Clinical and Pro Bono Programs

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Tag: Estate Planning Project of the Veterans Legal Clinic

Empowering clients through the Estate Planning Project

By Stephanie Jimenez, J.D. ’17

One of my most valuable experiences at Harvard Law School has been working with the Estate Planning Project in the Veterans Legal Clinic. As a student attorney, my responsibilities included preparing for client meetings, interviewing clients, drafting documents, and preparing documents for execution. Along with all this, I constantly worked with the supervising attorney, Tamara Kolz-Griffin, to spot any potential issues and brainstorm solutions for the clients.

Estate Planning Project of the Veterans Legal Clinic

Stephanie Jimenez, J.D. ’17

There are several reasons why I enjoyed this clinic. First, it was a great way to gain experience in building relationships with clients. Because I worked with such personal information, I got to know my clients really well. Secondly, much of my work required discussions about death and incapacity and this helped me learn how to hold difficult conversations. Also, I was assigned cases that were in varied stages: some were at the beginning stages so I had to conduct intake interviews with the veterans, while some were already at the drafting documents stage. I liked this because in one semester I saw how the process works from beginning to end and I gained new skills in managing and prioritizing my cases.

Finally, I learned so much about estate planning even though I had very little previous experience. The documents we drafted included wills, trusts, durable powers of attorney, healthcare proxies, living wills, and declarations as to remains. One of the most interesting documents I drafted is the Supplemental Needs Trust. This is a trust that clients can put in place to protect their loved ones who receive government benefits. If they want to leave assets to that loved one, they can put the assets into the trust instead of giving them directly to the individual, ensuring that their loved ones receive the much-needed government benefits.

Estate planning requires a lot of thinking about what could happen with each possible decision that the client makes and thinking of ways to have the best possible outcome. For me, it is really great work to do because clients leave feeling empowered that they have control over their lives during difficult times.

A reflection on my semester with the Estate Planning Project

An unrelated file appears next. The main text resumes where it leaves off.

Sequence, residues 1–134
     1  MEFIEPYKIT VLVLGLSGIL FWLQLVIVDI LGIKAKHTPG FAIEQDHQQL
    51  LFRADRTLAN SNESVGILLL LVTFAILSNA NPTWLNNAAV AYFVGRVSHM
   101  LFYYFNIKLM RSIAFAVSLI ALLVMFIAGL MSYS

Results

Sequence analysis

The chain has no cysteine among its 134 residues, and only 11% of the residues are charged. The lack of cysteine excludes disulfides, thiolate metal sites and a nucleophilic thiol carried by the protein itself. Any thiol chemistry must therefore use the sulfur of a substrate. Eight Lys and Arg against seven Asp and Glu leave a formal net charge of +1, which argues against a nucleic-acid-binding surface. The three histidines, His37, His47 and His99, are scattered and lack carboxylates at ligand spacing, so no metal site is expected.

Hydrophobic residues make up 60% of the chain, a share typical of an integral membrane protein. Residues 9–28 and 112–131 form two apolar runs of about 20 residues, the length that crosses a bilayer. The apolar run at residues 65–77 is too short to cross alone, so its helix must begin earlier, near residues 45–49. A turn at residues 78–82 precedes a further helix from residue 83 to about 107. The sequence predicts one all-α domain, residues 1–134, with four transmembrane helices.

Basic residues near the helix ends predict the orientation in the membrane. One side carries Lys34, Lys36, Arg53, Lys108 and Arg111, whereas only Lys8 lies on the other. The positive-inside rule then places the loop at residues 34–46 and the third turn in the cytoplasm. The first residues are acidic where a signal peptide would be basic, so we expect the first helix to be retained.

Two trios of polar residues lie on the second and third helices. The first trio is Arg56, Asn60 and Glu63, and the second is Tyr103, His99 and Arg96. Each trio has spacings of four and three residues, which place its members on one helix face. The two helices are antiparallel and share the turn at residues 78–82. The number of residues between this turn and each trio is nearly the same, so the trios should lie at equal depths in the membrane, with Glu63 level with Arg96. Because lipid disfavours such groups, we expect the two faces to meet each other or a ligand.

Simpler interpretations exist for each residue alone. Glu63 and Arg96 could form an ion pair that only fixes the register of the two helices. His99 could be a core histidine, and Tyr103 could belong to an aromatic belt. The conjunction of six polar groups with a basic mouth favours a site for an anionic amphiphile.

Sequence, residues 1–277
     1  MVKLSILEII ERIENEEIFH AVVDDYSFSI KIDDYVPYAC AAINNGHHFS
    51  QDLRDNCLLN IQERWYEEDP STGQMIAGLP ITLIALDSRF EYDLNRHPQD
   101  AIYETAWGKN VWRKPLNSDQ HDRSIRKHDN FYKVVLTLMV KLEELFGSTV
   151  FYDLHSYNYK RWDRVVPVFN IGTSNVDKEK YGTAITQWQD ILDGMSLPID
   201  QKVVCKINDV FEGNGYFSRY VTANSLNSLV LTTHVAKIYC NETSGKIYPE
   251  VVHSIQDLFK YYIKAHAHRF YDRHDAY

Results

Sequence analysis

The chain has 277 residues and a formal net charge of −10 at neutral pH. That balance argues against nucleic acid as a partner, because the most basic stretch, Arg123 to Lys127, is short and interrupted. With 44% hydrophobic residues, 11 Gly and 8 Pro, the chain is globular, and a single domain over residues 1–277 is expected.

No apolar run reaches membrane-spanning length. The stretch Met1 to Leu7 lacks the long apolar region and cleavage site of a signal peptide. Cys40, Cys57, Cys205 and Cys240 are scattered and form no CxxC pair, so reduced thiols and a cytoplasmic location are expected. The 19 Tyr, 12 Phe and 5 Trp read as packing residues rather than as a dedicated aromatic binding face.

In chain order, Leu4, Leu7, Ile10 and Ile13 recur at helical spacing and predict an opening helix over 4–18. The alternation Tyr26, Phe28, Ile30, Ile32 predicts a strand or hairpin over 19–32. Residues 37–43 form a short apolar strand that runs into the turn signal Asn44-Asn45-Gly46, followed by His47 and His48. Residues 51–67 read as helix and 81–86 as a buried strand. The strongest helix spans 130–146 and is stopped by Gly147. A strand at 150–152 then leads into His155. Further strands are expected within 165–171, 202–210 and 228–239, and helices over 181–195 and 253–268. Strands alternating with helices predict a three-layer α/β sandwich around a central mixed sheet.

Travis Leverett, J.D. ’17 

This past September, I enrolled in the Estate Planning Project, with the Veteran’s Legal Clinic. My work with that clinic turned out to be one of the most valuable, and absolutely the most rewarding experience of my academic career.

I was motivated to work with veterans largely thanks to my grandfather. He was an incredible influence in my life, and I was hopeful that I would meet and help people, like him, who sacrificed for my freedom, and now needed legal services that they likely could not find elsewhere. I was immediately attracted to the Estate Planning Project, which offered the opportunity to work closely with clients as they made important, and often difficult decisions. I have heard the phrase ‘counselor’ used my entire life to describe attorneys, but it wasn’t until working with the Estate Planning Project that I fully understood how true that description could be.

The learning curve was steep, as my two colleagues and I had to digest the substantive law behind the estate planning process, and begin moving cases forward within one semester. I was assigned a total of around 12 cases for the semester, which at times felt like about 11 too many, but I learned techniques to better balance a high volume of cases. Those practical skills will absolutely make me a better lawyer, and could only have been developed through clinical work.

As I reflect on my semester with the Estate Planning Project, one client will always stick with me. He was an older gentleman, who was looking to have fairly standard estate planning documents prepared. As we sat together at a small conference table in Jamaica Plain, he told me about his career, his children, his wife of 50+ years, and of the worries he felt for the future. I asked difficult questions, but tried to do so in a way that made him as comfortable as possible. Following our meeting, I called my client weekly to check in, and clarify some of his wishes, developing an exceptional relationship in the process. When the Legal Services Center’s work with this client is complete, I am confident that he will have received world-class estate planning, but equally important, I believe that man will feel empowered, respected, and at peace when he signs his documents, and leaves the LSC for the last time. He sure deserves to.